A veteran public school teacher offers some observations that the National Education Association probably won’t like.
There is no question that most academicians are liberal acolytes. There is no question that this is true even among so-called religious institutions.
If a public-school student gets to college without knowing when the Civil War was fought or how to do basic math, part of the problem may be with the student’s textbook.
With so much school time given over to counseling rather than education, we thought that we would take a look at one of the games that counselors play, literally.
Oregon State University celebrates Dr. King’s life with a film about gay rights and the Boy Scouts.
School Administrators in inner cities have put troubled pupils in special education classes, whether those students are disabled or not.
Many universities do not like America’s armed forces, especially on their own campuses, our correspondent concludes.
Students who can transfer out of inner city public schools and into private schools get better grades in a less segregated environment.
Despite what you may have heard, Day Care is not for everyone.
Twenty-two years of teaching have convinced me that upwards of half of all teachers would not be members of the NEA if given a clear choice.
“When the College of Arts and Sciences offers its new Sexuality and Queer Studies minor in the fall semester of 2013, it will be at the vanguard of an academic discipline.”— Lauren Ober, on American University’s new course offering.
But the Border Patrol probably won’t be involved.
Nearly half the states have more public school staff than they have teachers.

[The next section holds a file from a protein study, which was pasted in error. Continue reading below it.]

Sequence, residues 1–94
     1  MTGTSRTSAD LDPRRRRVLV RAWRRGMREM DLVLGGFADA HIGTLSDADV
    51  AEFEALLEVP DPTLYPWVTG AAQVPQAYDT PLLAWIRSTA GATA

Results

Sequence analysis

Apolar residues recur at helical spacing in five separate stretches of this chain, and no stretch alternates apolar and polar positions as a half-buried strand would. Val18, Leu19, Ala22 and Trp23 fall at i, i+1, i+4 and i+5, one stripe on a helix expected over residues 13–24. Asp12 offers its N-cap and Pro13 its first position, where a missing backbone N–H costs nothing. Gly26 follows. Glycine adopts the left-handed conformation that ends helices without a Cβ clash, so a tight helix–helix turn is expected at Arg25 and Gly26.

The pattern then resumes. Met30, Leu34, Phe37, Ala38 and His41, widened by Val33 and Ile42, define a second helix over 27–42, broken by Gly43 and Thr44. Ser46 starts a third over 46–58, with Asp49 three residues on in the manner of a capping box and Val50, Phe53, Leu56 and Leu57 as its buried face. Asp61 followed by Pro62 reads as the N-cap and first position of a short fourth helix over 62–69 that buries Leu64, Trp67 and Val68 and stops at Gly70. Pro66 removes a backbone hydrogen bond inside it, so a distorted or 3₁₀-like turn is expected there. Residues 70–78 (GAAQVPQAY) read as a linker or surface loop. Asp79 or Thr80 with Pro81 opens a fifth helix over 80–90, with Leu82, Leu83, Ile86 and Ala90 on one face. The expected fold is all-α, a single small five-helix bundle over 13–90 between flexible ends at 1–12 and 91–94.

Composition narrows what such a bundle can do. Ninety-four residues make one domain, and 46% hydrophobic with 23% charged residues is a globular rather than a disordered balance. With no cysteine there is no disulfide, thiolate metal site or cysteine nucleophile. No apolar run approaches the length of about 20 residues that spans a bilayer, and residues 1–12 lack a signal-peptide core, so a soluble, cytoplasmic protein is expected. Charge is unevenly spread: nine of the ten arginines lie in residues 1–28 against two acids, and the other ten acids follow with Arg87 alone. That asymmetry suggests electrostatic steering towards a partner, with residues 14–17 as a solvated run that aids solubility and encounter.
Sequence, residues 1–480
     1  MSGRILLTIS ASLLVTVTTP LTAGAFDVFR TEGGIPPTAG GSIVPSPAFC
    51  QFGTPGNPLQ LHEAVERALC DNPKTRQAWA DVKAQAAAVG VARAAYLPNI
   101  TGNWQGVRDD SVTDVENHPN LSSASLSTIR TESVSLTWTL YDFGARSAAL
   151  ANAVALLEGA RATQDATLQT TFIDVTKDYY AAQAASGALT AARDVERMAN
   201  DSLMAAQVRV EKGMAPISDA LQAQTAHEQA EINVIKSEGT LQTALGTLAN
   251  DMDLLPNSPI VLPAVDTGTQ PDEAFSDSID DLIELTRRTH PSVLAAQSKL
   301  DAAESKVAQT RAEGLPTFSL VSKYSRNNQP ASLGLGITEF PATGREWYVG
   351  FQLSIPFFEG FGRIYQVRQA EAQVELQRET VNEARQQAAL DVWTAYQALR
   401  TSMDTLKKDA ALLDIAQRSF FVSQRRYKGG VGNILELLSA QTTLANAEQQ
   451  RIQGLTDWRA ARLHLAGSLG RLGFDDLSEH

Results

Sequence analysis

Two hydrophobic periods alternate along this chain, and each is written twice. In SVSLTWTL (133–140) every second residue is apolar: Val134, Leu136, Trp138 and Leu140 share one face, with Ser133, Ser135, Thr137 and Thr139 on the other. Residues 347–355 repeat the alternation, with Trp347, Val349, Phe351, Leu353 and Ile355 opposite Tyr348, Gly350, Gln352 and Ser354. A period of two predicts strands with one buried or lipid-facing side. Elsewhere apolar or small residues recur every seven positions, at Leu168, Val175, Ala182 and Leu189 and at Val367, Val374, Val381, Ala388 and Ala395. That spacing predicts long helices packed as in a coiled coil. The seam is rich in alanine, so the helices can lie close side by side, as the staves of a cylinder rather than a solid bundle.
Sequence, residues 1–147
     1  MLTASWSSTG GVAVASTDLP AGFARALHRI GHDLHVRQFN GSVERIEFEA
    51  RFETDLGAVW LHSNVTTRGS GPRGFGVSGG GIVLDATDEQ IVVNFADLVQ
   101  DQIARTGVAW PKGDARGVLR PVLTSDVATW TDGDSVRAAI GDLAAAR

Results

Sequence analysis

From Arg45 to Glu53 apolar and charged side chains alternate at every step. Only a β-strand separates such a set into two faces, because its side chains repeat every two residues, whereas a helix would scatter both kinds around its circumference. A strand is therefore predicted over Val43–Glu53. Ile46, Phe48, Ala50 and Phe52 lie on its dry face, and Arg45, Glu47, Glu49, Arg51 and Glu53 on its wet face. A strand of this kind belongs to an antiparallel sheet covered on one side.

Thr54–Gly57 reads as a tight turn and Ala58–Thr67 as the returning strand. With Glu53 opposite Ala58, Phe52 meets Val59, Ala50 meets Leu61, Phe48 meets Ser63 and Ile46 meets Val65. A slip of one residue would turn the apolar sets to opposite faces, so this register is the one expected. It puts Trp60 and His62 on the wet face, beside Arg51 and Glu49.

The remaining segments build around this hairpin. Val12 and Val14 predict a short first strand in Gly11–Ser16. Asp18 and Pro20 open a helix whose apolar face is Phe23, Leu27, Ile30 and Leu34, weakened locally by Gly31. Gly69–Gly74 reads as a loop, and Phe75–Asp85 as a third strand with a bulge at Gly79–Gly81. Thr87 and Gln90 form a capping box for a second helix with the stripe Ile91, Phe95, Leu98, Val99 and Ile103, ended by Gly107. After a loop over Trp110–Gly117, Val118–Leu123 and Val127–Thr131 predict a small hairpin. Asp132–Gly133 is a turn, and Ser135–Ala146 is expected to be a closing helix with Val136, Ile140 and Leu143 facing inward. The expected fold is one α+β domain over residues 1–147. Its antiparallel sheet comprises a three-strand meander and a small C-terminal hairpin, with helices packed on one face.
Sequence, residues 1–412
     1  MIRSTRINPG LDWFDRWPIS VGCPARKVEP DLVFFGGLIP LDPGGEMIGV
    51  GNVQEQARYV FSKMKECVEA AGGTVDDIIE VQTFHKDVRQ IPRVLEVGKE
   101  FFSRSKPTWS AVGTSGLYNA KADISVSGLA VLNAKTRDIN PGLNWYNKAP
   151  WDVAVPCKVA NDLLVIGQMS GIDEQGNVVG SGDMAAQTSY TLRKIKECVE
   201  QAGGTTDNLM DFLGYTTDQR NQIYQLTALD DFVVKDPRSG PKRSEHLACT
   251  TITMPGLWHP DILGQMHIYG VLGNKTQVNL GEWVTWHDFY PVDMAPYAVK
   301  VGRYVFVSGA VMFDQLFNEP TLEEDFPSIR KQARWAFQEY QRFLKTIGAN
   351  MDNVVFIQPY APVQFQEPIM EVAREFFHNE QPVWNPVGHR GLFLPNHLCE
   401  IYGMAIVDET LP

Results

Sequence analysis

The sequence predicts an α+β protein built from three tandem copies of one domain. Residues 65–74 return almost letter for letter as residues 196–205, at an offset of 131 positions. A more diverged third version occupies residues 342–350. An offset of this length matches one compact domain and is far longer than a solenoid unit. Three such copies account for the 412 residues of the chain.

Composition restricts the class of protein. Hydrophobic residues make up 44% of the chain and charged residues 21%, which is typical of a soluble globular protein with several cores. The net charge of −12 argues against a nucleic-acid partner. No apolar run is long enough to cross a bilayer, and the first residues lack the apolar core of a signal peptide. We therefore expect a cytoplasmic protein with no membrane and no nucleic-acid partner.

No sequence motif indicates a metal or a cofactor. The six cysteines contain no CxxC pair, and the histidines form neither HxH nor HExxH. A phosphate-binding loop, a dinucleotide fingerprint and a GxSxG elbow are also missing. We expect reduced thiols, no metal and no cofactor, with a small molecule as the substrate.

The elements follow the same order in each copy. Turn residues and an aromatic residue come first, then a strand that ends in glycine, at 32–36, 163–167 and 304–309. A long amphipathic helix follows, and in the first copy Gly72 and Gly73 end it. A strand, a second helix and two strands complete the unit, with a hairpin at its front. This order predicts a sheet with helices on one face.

“I think the party was a drag on him more than he was on the party.” New York Times columnist David Brooks on 2012 Republican candidate Mitt Romney, at Harvard late last year.
“I will continue to write that the Republican Party should give up on those tactics that focus on voter suppression and find ways to appeal to black and brown voters instead.” Atlanta-Journal Constitution columnist Cynthia Tucker at Harvard last year, ignoring the suppression of military ballots by the Obama Administration, many of them to “black and brown voters.”
Public figures who proclaim their fealty to the public good generally want to minimize their contact with the masses.
Two instructors from Colorado State University (CSU) taught a course in which they encouraged incarcerated women to express themselves, specifically at a local jail and “a teen girls’ group at a residential youth and family rehabilitation center.”
For Lent, Catholics give something up. Perhaps academia could show some of the tolerance it gives itself credit for by easing up on the Catholic-bashing it engages in annually.
Youth, like age, hath its privileges, and one of them seems to be the right to not think too far ahead.
In the academic and political worlds in which our laws are incubated and passed, there is one statute scholars and politicos routinely ignore: the law of unintended consequences.